LAW OFFICES - NEWS
LAW OFFICES IN-HOUSE CLINICS
SPRING 2012 SEMESTER
Applications for the Spring 2012 semester of the Law Offices In-House
Clinic are now avaiable. They can be picked up outside of the 3rd
floor cafeteria or at the Law Offices reception area, Suite 600.
You can also fill out and print off a copy here.
They should be turned into the receptionist in the Law Offices.
The due date will be announced at a later date but they are usually
due a few days before registration starts.
Center for Open Government News Story: Lawsuit
over documents divides Hinsdale school officials
Please visit Chicago-Kent's Record
website to view all available externship positions.
Law Offices Attorneys Help Free Innocent Man
On January 8th, 2008, Professor Richard Kling and his Law Offices
Colleague, Susana Ortiz, saw victory in the case of their client,
Herb Whitlock. Mr. Whitlock, of downstate Paris, Illinois, was wrongfully
incarcerated on murder charges for over 20 years and thanks to the
efforts of Professor Kling and Ms. Ortiz and teams of Law Offices
clinic students who have been working on the case for the past 7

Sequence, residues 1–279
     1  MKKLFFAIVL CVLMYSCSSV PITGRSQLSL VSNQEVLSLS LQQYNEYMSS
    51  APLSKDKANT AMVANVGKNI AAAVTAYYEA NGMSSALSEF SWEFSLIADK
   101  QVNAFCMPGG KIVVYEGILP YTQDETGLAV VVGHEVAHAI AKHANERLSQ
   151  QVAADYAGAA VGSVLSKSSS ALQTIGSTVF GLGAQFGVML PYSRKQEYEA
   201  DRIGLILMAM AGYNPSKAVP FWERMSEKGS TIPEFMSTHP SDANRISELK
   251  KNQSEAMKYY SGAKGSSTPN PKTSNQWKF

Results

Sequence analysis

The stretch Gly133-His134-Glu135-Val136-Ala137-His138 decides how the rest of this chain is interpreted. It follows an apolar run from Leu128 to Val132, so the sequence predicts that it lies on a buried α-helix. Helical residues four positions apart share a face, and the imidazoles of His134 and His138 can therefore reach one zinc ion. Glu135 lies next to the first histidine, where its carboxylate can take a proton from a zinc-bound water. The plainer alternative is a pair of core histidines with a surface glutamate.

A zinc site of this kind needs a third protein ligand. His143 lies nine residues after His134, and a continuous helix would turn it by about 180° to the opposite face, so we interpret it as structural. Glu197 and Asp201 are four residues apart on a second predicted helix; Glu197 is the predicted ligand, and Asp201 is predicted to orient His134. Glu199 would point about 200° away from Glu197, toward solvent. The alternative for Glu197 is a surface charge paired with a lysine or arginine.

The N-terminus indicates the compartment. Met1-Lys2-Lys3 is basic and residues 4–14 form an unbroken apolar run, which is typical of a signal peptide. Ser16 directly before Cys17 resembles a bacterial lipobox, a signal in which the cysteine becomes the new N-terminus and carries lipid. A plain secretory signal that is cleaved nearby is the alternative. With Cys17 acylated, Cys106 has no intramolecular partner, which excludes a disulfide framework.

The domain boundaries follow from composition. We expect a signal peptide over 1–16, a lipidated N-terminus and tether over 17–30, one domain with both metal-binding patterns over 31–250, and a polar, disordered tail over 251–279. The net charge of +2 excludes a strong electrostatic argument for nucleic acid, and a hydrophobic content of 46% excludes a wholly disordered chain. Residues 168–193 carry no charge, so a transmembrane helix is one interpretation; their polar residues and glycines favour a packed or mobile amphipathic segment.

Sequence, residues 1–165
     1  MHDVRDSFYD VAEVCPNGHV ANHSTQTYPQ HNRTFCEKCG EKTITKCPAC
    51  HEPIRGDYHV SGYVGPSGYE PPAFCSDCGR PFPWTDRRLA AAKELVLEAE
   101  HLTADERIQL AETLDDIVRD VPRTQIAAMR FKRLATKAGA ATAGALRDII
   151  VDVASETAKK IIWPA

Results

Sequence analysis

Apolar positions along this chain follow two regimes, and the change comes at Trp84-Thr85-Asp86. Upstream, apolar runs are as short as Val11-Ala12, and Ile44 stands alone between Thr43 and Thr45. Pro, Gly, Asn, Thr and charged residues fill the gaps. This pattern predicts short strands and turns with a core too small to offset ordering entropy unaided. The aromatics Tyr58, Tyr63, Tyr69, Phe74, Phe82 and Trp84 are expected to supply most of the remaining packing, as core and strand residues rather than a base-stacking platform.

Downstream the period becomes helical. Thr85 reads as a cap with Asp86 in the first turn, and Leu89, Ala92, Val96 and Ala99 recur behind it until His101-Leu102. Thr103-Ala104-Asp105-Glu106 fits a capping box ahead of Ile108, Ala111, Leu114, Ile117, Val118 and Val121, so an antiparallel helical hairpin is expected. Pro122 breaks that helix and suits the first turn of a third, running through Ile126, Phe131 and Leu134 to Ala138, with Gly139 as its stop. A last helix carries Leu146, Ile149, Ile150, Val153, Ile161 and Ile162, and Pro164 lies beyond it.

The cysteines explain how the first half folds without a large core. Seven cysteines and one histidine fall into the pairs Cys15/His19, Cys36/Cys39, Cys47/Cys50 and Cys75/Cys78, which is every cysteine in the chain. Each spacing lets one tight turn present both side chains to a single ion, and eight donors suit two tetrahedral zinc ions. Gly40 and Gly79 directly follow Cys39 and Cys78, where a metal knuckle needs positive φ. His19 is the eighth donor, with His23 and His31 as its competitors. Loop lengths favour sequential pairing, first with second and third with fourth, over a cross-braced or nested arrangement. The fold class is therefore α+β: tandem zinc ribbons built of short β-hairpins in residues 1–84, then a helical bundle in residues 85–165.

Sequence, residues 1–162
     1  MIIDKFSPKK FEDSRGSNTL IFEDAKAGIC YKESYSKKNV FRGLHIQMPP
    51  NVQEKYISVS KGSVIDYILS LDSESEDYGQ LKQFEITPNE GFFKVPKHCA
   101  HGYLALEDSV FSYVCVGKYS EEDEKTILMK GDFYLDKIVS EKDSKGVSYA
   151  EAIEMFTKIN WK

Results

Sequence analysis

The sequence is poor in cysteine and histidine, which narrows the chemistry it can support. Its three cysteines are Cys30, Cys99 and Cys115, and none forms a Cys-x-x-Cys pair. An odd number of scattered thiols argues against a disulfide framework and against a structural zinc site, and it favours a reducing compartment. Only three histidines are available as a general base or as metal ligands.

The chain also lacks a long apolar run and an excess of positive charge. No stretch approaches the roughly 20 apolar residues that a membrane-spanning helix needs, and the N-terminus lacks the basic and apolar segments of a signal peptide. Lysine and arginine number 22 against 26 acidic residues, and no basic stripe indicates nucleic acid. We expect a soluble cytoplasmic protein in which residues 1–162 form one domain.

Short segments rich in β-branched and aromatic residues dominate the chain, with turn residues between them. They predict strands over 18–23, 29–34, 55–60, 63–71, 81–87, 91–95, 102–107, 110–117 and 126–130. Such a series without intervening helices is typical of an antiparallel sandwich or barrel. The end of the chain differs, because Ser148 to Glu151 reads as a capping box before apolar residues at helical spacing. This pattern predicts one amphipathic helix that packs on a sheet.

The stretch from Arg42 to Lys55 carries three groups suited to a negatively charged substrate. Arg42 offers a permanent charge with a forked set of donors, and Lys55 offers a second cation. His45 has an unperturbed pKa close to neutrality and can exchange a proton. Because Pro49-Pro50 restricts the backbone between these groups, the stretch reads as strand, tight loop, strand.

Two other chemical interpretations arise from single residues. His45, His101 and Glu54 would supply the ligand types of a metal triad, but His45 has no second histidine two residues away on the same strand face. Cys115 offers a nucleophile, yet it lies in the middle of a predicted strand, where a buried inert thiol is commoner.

years, Mr. Whitlock saw freedom when the State dismissed the charges
against him as a result of a new trial obtained for him by Kling
and Ortiz. In the Appellate Court opinion which granted Mr. Whitlock
a new trial, the Court cited the fact that favorable evidence was
hidden from the defense and that Mr. Whitlocks trial counsel
was ineffective for failing to investigate key forensic evidence
that would have shed serious doubt on the credibility of the States
witnesses. After his release, Mr. Whitlock was reunited with his
daughter, Brittany, who was 12 at the time of his original trial
and he met his seven-year old grandson for the first time. Read
the article from the Chicago
Tribune. CBS television show 48 Hours Mystery ran
a show about this case on March 1, 2008. For more information about
this show, please visit the CBS
48 Hours Mystery webpage.
Law Offices Professor Admitted into U.S. Supreme Court
On January 7, 2008, Professor Daniel Coyne was admitted on motion
in open court before all nine justices of the supreme court in a
group admission ceremony. The admission was sponsored by the National
Association of Criminal Defense Lawyers. There were ten admittees
from various jurisdictions across the country. Immediately following
the admission, the death penalty case of Baze v. Rees was argued.
Baze challenges the propriety of the use of lethal injection to
execute condemned inmates.